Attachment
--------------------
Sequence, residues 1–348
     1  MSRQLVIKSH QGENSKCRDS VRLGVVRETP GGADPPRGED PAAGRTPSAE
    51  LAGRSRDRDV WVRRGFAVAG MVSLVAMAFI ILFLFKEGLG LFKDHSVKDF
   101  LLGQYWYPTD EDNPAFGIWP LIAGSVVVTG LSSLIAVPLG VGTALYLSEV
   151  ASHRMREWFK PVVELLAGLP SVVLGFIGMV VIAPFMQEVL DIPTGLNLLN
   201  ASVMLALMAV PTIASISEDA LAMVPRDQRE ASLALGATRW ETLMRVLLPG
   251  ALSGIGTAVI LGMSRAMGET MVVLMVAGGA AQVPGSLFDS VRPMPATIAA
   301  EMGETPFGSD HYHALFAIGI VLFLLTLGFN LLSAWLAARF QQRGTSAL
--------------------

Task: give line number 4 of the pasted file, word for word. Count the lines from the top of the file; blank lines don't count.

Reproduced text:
   101  LLGQYWYPTD EDNPAFGIWP LIAGSVVVTG LSSLIAVPLG VGTALYLSEV